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tv   Deadline White House  MSNBC  November 26, 2018 1:00pm-2:00pm PST

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show. thank you for watching. "deadline white house" with nicolle wallace starts right now. >> it's 4:00 in new york. as most americans started the day today counting points or steps or carbs, donald trump started his day by counting the hundreds of former campaign staffers who haven't been interviewed by special counsel robert mueller. and a pair of tweets so detached from reality that will debunk them before we put them on the screen. the president falsely claimed that robert mueller has conflicts of interest. oddly cited campaign staffers who want to be called to test by before the special counsel and demanded they investigate democrats. when mueller does his final report, will he be covering all of hispreamble? will he be recommending action on all of the crimes of many kinds from those on the other side? whatever happened to podesta?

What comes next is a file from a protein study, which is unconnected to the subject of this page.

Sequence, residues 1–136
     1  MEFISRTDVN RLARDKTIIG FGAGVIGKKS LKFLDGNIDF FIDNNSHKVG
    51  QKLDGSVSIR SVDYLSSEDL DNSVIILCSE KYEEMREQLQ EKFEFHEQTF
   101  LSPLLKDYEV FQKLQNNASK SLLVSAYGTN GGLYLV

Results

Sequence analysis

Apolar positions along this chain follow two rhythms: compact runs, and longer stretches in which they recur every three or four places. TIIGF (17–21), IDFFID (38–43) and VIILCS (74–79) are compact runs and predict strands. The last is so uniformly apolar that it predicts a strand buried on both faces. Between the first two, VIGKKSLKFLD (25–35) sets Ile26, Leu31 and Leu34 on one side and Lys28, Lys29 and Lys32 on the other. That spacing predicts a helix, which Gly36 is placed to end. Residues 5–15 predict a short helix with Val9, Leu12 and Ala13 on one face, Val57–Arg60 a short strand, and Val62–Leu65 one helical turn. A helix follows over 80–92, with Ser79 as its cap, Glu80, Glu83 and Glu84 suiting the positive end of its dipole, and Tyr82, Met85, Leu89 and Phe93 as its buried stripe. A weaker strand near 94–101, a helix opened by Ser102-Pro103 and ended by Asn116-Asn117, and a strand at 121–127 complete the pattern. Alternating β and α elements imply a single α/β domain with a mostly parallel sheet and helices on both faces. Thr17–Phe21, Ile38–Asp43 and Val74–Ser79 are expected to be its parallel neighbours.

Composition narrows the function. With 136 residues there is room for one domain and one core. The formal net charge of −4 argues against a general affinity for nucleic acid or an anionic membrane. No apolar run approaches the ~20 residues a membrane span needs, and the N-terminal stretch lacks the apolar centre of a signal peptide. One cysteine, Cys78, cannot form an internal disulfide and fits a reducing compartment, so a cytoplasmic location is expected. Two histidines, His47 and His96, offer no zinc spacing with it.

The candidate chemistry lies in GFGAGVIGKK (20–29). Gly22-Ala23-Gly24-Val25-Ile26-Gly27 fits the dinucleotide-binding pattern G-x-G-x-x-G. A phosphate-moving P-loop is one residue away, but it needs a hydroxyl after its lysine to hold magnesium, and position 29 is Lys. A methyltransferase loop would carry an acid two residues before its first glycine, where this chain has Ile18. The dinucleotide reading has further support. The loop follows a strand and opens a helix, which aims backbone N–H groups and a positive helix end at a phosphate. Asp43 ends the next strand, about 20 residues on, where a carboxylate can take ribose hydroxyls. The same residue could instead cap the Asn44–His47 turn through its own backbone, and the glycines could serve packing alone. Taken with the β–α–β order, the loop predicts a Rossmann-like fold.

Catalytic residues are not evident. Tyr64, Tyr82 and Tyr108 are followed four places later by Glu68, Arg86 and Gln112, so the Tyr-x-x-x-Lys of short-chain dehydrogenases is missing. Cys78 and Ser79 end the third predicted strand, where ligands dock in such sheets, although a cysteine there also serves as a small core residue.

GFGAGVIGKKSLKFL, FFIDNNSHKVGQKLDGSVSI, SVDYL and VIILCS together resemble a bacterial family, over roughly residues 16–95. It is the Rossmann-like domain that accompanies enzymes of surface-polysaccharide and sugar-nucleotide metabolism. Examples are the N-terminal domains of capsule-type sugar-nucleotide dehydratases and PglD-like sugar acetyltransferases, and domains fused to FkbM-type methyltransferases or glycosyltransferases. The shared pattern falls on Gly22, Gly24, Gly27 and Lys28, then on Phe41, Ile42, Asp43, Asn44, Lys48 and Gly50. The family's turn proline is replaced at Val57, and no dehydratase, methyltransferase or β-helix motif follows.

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and will he be putting in statements from hundreds of people closely involved with my campaign who never met, saw or spoke to a russian during this period? so many campaign workers, people inside from the beginning. ask me why they have not been called. they want to be. there was no collusion and mueller knows is. now the president is counting the number of staffers who did not have contact with russians during the campaign. a political first, no doubt. but not the most ominous sign for a clearly rattled president. among the known/unknowns in the mueller probe, the progress of paul manafort's cooperation with mueller is expected today at any time. it becomes ten days after mueller requested an extension on the report raising key questions. what was mueller waiting for? trump's written testimony? submitted just days ago? testimony from another key witness? an indictment that involved manafort's testimony? or something else entirely. we could get that status report